Shifting away from manual transmissions

May 13, 2016
A couple years ago, I found myself on a Meritor test track in Wales, U.K. evaluating new commercial vehicle safety systems.
A couple years ago, I found myself on a Meritor test track in Wales, U.K. evaluating new commercial vehicle safety systems. Trips to Europe are always enlightening from a technology standpoint, since so many new safety and drivetrain systems originate there. But on this day, I was struck by something a bit more Old School: The manual gearboxes in a couple of the European cabovers we were driving that day.  These were fully-synchronized transmissions, as smooth and easy to operate as shifting a Honda or a Toyota passenger car. The entire experience was actually a little bit surreal: driving a Class 8 tractor with a dinky little, dash-mounted shifter with absolutely no worries about engine RPMs or double-clutching. Naturally, I starting asking around about these odd gearboxes and was surprised to discover that they're pretty common in Europe. They've also made massive inroads in China, which is basically building its trucking/logistics industry and network from scratch and has no preconceived notions as to how a truck drivetrain should be operated.  A buddy who works at another European vehicle component supplier told me his company tried to bring synchronized gearboxes to the States a decade or so ago, only to have them flop in the marketplace. Why was that? I asked him. They were so much easier and safer to drive than unsynchronized transmissions. He just shrugged his shoulders. "They're not macho enough for American drivers, I guess," he replied. If you're the type of Old School Gear Jammer who sneers at synchronized manual truck transmissions, you gaze in horror at modern Automated Manual Transmissions. Yet, here they are, gaining marketshare at a breath-taking rate and utterly transforming how trucks perform today. But what about manual transmissions? Are they destined for the technological dust bin? Are we just a few years away from logging onto YouHologram (or however we'll be watching videos in the future) to chuckle at the memories as some guy demonstrates who to shift between low and high range on a 13-speed gearbox? My thoughts are that AMTs are well on their way to becoming the dominate transmission in both medium- and heavy-duty trucking and will likely reach full-market penetration on new vehicles before this decade is out. But that doesn't mean there won't be a place for manual gearboxes in trucking. But I suspect their roles will evolve toward more specialized niches such as severe-duty, extreme heavy-haul and off-road and severe-terrain conditions. And, of course, there are always going to be drivers -- young and old alike -- who prefer a manual gearbox for a variety of reasons. When asked, manual gearbox adherents usually tell me they simply feel more in control of a truck when they're shifting gears, as opposed to a computer doing it for them. So there are always going to be drivers out there who prefer shifting the old--fashioned way. But my suspicion is that trucking as an industry has made a sea change: In the past, trucking focused on delivering the goods on time, no matter what. Trucks and powertrains were designed with that emphasis foremost in mind. Poor fuel economy was simply a means to an end. Today, it is clear that the focus has shifted. Delivering goods is just as important as it's ever been. Perhaps even more important, if that's possible. But truck and powertrain design is rapidly shifting toward optimal fuel economy as its priority. It's not enough to get the good there on time, anymore. You've got to do it as fuel efficiently as possible, too. Beginning next year, I think we'll see the first concrete evidence of a new philosophy in trucking: The first generation of truck models with fully integrated fuel economy designs. Every aspect of vehicle design will be engineered with fuel economy as a priority. Moreover, every aspect of vehicle design will be engineering to compliment every other aspect of the design. Simply put, the truck's overall shape and aerodynamic profile will be designed to complement and boost the performance of its drivetrain in every possible way, and vice-versa. And I hate to be the one to tell you, but there's not going to be much room for manual transmissions in those highly integrated and sophisticated truck designs of the near future.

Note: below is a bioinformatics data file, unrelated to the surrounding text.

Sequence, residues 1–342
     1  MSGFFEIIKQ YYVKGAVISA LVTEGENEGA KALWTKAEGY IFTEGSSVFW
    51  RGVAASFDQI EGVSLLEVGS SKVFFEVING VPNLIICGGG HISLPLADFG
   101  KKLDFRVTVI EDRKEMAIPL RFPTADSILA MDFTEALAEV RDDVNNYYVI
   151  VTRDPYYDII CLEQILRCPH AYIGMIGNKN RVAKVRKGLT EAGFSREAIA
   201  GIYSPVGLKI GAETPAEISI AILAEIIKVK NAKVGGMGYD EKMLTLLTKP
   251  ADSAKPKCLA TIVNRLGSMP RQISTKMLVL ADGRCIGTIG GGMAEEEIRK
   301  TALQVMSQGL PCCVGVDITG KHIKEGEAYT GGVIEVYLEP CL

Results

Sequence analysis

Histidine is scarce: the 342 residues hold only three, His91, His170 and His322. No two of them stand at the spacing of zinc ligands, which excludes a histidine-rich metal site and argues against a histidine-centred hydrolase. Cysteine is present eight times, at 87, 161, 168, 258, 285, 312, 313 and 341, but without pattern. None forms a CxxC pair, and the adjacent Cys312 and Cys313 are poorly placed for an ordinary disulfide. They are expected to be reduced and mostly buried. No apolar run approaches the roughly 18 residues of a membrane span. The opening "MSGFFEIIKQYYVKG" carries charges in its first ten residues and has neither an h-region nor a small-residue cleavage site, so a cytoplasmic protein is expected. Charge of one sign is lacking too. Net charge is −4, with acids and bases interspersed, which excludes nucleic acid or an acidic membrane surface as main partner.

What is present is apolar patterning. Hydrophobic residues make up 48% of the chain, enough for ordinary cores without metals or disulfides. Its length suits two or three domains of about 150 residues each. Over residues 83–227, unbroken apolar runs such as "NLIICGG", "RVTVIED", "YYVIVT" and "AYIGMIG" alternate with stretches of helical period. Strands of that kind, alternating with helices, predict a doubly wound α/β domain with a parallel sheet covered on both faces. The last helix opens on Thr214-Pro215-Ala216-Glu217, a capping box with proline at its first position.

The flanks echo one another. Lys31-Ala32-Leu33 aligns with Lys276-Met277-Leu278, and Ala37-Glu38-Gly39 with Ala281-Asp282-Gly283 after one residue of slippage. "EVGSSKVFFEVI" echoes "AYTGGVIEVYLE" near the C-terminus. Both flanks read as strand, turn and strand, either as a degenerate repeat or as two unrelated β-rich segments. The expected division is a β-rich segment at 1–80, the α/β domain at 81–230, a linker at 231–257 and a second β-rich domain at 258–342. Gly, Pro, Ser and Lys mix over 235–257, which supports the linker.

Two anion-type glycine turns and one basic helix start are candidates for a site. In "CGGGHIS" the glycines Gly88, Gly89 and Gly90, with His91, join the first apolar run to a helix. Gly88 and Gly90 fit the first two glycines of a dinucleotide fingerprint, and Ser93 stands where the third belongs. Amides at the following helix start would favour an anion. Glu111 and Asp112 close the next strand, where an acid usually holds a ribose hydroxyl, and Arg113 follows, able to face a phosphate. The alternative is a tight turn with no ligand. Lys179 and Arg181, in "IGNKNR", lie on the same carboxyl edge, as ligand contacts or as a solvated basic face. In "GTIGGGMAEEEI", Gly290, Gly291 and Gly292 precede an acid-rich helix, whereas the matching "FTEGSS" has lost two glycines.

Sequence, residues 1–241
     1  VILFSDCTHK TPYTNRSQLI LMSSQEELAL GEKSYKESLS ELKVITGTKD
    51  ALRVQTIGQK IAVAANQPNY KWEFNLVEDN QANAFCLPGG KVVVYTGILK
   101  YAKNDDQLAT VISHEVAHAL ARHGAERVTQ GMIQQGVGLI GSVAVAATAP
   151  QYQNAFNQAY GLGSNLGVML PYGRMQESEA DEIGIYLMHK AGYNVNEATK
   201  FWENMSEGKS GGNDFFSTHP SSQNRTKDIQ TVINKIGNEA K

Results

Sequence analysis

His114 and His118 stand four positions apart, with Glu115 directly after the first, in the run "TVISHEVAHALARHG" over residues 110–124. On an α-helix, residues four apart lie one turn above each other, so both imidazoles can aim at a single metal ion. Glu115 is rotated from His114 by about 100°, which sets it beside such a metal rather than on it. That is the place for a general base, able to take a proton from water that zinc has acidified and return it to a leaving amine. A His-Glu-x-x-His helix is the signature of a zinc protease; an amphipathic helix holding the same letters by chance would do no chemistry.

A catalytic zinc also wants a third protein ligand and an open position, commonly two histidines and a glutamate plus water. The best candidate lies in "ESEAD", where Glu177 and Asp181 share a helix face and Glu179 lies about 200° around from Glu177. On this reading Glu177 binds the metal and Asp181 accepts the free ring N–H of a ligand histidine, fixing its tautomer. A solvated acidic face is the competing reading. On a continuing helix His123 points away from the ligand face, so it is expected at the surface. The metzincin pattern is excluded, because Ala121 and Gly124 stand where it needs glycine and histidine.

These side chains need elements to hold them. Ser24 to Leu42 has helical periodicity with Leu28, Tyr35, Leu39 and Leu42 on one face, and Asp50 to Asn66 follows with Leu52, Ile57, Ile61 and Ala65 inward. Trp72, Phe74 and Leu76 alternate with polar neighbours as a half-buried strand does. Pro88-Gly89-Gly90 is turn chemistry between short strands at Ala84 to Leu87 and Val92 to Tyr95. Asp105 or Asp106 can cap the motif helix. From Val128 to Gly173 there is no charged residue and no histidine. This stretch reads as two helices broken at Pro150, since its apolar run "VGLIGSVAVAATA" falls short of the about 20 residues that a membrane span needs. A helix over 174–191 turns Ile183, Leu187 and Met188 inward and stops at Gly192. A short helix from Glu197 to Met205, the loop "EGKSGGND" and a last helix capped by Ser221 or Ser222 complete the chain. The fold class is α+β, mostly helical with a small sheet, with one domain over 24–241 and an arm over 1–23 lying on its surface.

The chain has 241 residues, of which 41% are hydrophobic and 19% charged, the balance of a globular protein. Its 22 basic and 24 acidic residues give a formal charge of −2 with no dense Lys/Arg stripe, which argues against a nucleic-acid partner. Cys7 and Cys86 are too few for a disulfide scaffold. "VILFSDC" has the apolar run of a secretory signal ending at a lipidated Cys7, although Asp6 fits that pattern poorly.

About the Author

Jack Roberts

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